Then, he said, the judge told him the entire verdict needed to be published, at a cost of at least $1,330.

But in the midst of Mr. Liu’s attempt to seek legal redress early in 2017, he discovered that his life had abruptly changed: Without any notice, he had been caught up in the early reaches of a social-credit system that China is developing as a pervasive new tool for social control – one expected to one day tighten the state’s grip on its citizens. Critics have called it an Orwellian creation – a new kind of “thought police.

Most of the world is run by criminals. Little by little each day, our freedoms are being taken away, or if not taken away – controlled by the criminals in government and corporations who are plain and simple, psychopaths. Psychopaths, in case you aren’t aware, could give a shyte about you.

A State’s “standard of reliability”.  Think, if you can, just what that could mean to your life, or the lives of your loved ones.

“Put in the hands of the Chinese government the ability to determine your level of honesty and you have a perfect storm of human-rights abuses,” said Maya Wang, China researcher for Human Rights Watch.

Take the blacklist, which has been devised to deliver shame as well as punishment to offenders. Its website hosts a scrolling list of recent additions, and any name can be searched, typically yielding a brief description of the wrongdoing.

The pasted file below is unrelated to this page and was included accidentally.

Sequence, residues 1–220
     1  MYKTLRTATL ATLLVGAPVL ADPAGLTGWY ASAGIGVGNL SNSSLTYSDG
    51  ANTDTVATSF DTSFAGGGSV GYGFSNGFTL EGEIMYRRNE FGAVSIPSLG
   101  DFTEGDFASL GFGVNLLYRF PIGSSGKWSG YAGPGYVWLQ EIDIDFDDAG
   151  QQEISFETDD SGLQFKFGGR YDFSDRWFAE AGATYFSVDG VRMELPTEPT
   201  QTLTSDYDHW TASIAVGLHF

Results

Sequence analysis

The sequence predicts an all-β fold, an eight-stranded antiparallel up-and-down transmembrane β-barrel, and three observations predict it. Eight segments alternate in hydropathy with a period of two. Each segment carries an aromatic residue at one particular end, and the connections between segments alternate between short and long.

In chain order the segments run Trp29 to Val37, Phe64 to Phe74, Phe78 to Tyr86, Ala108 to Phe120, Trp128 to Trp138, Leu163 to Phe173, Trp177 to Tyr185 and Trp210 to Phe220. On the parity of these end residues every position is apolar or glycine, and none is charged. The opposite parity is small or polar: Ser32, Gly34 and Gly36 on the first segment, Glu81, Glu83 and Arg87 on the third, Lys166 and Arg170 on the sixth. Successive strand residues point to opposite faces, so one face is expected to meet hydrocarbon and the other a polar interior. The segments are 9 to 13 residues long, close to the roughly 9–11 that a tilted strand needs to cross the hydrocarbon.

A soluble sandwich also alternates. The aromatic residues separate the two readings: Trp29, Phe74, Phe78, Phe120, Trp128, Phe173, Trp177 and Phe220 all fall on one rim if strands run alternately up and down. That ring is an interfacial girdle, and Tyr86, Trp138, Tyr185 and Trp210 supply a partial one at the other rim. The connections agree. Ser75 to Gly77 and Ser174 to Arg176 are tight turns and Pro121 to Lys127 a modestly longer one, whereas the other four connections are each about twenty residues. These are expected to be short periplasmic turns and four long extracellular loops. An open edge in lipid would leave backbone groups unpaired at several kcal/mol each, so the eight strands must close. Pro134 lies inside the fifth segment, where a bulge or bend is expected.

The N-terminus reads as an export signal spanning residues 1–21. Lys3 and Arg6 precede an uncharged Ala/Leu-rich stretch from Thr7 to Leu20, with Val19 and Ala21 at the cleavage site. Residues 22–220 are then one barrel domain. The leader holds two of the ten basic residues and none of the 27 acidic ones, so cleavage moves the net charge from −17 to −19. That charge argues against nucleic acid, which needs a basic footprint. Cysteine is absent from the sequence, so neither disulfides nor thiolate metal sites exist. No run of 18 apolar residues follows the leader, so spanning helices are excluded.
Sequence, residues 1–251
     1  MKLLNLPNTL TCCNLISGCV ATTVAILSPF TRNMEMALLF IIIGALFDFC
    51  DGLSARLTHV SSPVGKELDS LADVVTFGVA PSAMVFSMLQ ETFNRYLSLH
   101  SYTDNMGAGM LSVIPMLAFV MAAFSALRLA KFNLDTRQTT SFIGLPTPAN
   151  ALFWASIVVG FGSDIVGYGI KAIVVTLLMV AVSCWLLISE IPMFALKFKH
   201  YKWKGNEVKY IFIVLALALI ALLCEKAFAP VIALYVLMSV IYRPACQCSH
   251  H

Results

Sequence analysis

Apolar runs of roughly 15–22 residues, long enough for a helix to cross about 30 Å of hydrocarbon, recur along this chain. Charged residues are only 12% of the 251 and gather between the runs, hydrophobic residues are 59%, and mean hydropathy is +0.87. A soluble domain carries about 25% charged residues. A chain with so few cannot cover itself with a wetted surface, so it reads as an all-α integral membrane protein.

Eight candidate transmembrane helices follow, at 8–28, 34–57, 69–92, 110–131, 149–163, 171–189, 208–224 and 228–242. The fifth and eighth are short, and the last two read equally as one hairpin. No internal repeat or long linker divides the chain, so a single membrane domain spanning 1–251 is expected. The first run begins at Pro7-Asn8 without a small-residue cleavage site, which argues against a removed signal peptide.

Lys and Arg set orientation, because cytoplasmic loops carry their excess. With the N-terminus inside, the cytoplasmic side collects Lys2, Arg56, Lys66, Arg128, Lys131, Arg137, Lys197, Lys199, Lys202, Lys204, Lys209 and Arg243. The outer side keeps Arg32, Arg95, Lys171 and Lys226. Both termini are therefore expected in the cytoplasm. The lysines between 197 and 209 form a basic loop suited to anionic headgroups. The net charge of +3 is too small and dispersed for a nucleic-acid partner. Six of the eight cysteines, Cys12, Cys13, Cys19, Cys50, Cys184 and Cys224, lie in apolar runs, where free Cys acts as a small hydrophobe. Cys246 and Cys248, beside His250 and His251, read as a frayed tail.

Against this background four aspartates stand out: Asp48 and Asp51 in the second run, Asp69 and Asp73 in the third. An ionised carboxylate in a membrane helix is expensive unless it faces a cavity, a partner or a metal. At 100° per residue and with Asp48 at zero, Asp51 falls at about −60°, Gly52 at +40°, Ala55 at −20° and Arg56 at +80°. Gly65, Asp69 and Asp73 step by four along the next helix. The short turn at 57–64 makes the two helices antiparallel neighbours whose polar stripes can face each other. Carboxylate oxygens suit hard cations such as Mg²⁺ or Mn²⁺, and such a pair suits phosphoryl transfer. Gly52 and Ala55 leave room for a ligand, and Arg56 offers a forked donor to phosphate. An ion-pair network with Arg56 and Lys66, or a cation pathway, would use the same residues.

The consequences can be severe. When Xie Wen, the founder of a corporate entertainment firm, was placed on the list after a dispute with another company, banks cut him off, rendering him unable to pay employees and hampering his ability to seek legal redress. Being “discredited” tainted his name and business partners abandoned him.

“I felt like I was being tortured, mentally and physically,” he said. “It’s a psychological burden that will stick to you for quite a few years.”

Here in America, we’re not far away from being shamed for our beliefs and thoughts to the point where our very means of sustaining any type of existence may soon be unavailable to those who don’t adhere to whatever depraved “standard of reliability” is concocted by the current criminals running the show.

Think it isn’t happening? Allow yourself a few quiet moments and think how you self-censor your thoughts, ideas and speech. Ask yourself, how in the hell did this come about?

Orwell underestimated the psychopath’s.


Tonight’s musical offering:

(same as last night’s – as it fits the subject matter – a dark and ominous Classical piece of music from Handel, in a delicious “minor” key – used in the movie “Barry Lyndon” –  one damn fine movie from Mr. Stanley Kubrick.)

G. F. Handel ★ Sarabande

National Philarmonica Orchestra diretta da Leonard Rosenman ~ Le immagini sono tratte dal film “Barry Lyndon” ( 1975 ) di Stanley Kubrick.

Photo credit (front page):